You can be a quick study on this important topic: prophylactic use of antibiotics by the food industry. Over the last quarter century harmful bacteria have become increasingly resistant to antibiotics. The result has been disease and death to humans from invasions that were previously combated or cured. The majority of antibiotics sold today are to the growers of meat and poultry - administered as a potential defense to disease which might reduce productivity and increase the cost of their product. Efforts to address this problem through regulation have failed in the past. Now there is FDA Guidance # 213 which urges a new approach. You can read an excellent summary in a recent Science magazine editorial . Donald Kennedy has spent his long career in this field, and now as President Emeritus of Stanford University, uses his bully pulpit to speak common sense. You can also read Guidance # 213 here. It's an easy read. Makes sense to me.
My friend the sheep farmer asked me to help her today. We were sorting and marking her flock. It is time for the ewes to be put our with the rams - about 30 for each of the three rams. Our dogs put the ewes through a cutting chute, slowly so I could read the number of each ear tag. My friend's breeding records guided the sort. Ewes would not be sent out to their own father. I used red, purple or green spray paint - a stripe across the nose. Some were culled. A ewe is culled for many reasons: fecundity; heritage, conformation, even attitude. I had black paint for the culls. I apologized to each big woolly creature as I marked her forehead with a black dot. I thought of Lewis Carroll's poem, "The Walrus and The Carpenter". These two friends beseeched the oysters to join them for a walk: "A pleasant walk, a pleasant talk, along the briny beach". Later the friends set their table for dinner. "But not on us! the oysters cried, turning a little blue". It fell to the Walrus to do the deed; "With sobs and tears he sorted out those of the largest size..." Here is the entire poem. It is just how I felt today.
The Walrus and The Carpenter
(from Through the Looking-Glass and What Alice Found There, 1872)
The sun was shining on the sea, Shining with all his might: He did his very best to make The billows smooth and bright-- And this was odd, because it was The middle of the night.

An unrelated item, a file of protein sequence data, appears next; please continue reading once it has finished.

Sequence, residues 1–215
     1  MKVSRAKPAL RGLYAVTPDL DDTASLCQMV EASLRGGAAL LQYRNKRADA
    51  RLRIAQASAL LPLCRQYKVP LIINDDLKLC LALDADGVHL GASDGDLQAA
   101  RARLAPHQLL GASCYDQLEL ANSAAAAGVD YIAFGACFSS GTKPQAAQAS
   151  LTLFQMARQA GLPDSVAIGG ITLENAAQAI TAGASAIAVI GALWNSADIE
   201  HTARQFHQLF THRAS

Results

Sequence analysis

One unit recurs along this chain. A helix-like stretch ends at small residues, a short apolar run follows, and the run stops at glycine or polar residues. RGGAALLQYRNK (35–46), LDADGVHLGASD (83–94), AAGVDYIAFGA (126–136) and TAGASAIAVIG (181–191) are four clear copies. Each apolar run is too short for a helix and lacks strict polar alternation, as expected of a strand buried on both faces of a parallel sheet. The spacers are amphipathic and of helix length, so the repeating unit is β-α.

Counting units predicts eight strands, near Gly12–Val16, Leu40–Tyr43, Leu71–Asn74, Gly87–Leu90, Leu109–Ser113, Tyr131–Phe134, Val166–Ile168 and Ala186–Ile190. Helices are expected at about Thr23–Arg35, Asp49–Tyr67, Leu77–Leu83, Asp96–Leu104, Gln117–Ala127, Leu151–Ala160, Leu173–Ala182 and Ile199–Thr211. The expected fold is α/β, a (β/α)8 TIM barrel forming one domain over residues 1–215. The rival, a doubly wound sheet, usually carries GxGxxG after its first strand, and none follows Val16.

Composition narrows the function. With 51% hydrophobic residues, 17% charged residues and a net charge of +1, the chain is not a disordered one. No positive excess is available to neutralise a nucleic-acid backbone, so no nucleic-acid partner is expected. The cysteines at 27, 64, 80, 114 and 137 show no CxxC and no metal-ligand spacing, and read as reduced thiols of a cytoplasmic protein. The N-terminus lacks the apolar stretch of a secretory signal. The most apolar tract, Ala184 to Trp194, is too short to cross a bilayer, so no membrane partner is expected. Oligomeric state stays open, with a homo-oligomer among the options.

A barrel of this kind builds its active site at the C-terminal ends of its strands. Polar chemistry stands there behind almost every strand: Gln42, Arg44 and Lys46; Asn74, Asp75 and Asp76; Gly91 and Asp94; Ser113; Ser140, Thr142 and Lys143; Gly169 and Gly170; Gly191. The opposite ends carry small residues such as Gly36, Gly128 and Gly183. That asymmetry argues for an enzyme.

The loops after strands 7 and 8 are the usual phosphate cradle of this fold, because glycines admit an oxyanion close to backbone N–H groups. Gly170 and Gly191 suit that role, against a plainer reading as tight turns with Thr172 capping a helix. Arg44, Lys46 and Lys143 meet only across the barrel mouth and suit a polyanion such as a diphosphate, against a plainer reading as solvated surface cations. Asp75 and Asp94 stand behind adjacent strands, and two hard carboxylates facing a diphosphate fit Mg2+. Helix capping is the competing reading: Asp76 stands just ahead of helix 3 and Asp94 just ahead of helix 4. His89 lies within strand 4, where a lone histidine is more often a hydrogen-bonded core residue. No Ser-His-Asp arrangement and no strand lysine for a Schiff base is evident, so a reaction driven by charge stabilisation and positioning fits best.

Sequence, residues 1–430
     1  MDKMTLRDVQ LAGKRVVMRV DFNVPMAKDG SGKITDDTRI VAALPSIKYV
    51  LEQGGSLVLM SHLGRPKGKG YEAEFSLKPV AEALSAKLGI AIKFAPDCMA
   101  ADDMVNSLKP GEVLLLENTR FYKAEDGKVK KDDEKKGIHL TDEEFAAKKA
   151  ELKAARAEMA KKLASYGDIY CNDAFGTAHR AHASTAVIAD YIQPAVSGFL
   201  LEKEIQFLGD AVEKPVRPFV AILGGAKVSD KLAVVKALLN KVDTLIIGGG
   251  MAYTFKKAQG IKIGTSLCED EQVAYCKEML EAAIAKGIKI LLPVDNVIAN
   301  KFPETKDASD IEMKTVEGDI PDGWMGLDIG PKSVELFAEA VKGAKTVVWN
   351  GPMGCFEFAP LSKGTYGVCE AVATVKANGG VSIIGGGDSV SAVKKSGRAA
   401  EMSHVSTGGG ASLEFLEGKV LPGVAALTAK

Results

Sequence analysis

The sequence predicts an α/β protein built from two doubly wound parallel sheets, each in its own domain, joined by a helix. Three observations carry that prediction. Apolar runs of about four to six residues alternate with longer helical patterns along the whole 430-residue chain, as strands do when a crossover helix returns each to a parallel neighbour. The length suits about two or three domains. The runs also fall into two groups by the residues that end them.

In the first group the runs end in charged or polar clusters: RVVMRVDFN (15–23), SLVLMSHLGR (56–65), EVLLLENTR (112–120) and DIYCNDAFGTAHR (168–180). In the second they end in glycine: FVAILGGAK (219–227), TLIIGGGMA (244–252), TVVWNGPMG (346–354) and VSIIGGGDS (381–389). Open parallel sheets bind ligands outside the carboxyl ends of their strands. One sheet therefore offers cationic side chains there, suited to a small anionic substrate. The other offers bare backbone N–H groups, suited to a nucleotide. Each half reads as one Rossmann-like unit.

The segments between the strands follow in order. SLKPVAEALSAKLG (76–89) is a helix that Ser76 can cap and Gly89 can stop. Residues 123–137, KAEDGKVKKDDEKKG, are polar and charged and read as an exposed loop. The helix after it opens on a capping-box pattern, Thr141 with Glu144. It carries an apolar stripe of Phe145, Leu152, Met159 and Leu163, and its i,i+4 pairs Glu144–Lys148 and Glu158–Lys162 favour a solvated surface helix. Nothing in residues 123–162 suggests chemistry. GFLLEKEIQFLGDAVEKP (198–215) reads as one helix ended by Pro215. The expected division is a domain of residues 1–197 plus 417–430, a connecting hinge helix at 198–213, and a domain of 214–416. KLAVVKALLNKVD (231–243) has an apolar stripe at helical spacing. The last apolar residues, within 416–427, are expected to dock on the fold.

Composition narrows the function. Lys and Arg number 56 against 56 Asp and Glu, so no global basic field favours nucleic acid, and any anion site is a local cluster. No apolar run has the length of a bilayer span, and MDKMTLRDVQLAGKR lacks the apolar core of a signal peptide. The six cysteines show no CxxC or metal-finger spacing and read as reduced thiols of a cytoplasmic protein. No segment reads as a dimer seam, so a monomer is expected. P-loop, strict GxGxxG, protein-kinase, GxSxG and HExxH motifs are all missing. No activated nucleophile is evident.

The moon was shining sulkily, Because she thought the sun Had got no business to be there After the day was done-- "It's very rude of him," she said, "To come and spoil the fun!"
The sea was wet as wet could be, The sands were dry as dry. You could not see a cloud, because No cloud was in the sky: No birds were flying overhead-- There were no birds to fly.
The Walrus and the Carpenter Were walking close at hand; They wept like anything to see Such quantities of sand: "If this were only cleared away," They said, "it would be grand!"
"If seven maids with seven mops Swept it for half a year. Do you suppose," the Walrus said, "That they could get it clear?" "I doubt it," said the Carpenter, And shed a bitter tear.
"O Oysters, come and walk with us!" The Walrus did beseech. "A pleasant walk, a pleasant talk, Along the briny beach: We cannot do with more than four, To give a hand to each."
The eldest Oyster looked at him, But never a word he said: The eldest Oyster winked his eye, And shook his heavy head-- Meaning to say he did not choose To leave the oyster-bed.
But four young Oysters hurried up, All eager for the treat: Their coats were brushed, their faces washed, Their shoes were clean and neat-- And this was odd, because, you know, They hadn't any feet.
Four other Oysters followed them, And yet another four; And thick and fast they came at last, And more, and more, and more-- All hopping through the frothy waves, And scrambling to the shore.
The Walrus and the Carpenter Walked on a mile or so, And then they rested on a rock Conveniently low: And all the little Oysters stood And waited in a row.